|Russia-Ukraine war exacerbates component shortages; boosts PMA sector
The airline MRO sector has not escaped the impact of the Russia-Ukraine war. The conflict is seriously affecting critical supply chains. Parts availability continues to pose a challenge to the market, analysts unanimously agree.
After the outbreak of the pandemic in March 2020, airlines began defraying costs by harvesting used serviceable materials (USM) from retired aircraft. The practice burned through inventory, cannibalizing aircraft and taking advantage of green time - the extra weeks, months or years of use left on parts they could retrieve.
Along with the financial disorder in commodities markets caused by the war and sanctions imposed on Russia by the U.S. and other Western nations interrupted Russian shipments of raw materials including titanium, aluminum, nickel, oil and gas. Aerospace manufacturers have had difficulty obtaining metals and the entire industry continues to face higher prices as global inflation and fuel prices recently reached levels not seen for years.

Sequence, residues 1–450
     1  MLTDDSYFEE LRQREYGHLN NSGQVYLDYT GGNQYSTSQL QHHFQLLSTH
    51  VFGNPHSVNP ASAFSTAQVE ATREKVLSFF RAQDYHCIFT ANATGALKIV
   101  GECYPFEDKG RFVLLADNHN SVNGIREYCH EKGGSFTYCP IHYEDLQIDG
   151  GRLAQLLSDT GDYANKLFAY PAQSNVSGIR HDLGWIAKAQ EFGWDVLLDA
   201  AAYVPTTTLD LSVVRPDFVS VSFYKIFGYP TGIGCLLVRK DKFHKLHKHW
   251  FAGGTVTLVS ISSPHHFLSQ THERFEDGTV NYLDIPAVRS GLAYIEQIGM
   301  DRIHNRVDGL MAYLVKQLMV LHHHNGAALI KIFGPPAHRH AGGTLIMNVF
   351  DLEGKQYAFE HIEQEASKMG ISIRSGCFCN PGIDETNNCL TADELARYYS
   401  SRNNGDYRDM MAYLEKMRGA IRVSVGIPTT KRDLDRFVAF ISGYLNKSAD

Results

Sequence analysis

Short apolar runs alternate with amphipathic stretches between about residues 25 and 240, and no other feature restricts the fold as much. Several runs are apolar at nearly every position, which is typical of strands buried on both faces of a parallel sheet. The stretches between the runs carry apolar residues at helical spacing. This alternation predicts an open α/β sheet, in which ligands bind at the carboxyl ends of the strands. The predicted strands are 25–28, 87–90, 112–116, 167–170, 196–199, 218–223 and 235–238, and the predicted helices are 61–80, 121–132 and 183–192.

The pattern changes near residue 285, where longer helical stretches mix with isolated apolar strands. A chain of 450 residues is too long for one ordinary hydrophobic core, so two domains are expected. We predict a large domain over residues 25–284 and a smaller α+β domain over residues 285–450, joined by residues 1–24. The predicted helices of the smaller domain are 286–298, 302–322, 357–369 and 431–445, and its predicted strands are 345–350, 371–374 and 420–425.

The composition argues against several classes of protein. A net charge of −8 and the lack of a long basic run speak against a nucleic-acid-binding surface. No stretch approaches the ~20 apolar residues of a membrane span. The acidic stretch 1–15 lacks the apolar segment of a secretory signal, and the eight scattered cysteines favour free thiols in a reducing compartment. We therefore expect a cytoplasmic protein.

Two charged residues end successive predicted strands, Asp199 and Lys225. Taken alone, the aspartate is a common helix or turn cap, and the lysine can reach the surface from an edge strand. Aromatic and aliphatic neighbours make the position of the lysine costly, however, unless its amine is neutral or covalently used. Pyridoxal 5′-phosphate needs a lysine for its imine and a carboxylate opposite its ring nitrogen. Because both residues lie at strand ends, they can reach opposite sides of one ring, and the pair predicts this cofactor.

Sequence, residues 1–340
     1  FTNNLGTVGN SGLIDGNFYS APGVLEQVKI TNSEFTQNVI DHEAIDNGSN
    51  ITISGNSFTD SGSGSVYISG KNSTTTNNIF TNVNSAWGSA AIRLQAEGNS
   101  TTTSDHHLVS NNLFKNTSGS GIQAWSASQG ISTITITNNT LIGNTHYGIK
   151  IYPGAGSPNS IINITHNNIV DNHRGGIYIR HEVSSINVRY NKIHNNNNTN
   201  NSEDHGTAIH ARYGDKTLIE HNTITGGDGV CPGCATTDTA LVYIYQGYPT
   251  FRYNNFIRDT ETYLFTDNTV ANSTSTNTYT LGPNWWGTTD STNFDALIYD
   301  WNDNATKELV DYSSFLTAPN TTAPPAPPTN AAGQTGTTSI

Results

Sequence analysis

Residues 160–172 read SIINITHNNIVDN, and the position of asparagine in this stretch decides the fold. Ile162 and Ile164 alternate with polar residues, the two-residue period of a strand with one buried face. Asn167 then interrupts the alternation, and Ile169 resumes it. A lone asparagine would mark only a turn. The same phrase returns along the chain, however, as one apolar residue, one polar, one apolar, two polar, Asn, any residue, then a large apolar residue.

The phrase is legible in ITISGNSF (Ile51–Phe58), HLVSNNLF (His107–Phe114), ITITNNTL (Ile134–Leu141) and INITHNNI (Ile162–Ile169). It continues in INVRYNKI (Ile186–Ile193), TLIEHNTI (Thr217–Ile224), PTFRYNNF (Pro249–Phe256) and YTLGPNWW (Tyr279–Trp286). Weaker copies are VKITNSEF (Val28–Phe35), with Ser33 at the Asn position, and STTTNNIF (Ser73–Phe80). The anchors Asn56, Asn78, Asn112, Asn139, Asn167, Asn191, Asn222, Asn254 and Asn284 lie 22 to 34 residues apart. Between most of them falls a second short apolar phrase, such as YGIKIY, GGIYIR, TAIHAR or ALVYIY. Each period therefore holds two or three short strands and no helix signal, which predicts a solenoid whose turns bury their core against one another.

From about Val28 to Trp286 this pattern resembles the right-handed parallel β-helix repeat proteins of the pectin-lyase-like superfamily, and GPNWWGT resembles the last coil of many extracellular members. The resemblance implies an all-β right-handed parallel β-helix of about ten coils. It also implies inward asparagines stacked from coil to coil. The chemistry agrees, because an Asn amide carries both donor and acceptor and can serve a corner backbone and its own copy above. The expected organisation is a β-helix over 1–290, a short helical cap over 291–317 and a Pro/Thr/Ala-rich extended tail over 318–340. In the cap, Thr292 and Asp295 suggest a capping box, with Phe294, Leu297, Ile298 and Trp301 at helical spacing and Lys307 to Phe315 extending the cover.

When COVID restrictions were eased and demand returned, lead times on new and repaired components lengthened, sometimes by as much as a year, and workforce constraints became more conspicuous. With the tight supply, the cost of parts soared, putting additional financial pressure on MRO shops already scrambling for workers.
The parts shortages also encouraged airlines and MROs to pursue alternatives to salvaging parts and reducing costs, including more parts manufacturer approval components (PMA). PMAs are Federal Aviation Authority-authorized replacement or modified parts produced by manufacturers other than the original producer.
Repair stations also are incentivized to create and utilize repairs approved by Designated Engineering Representatives authorized by a regulatory authority to oversee aircraft repairs on parts that are not supplied by the original manufacturers.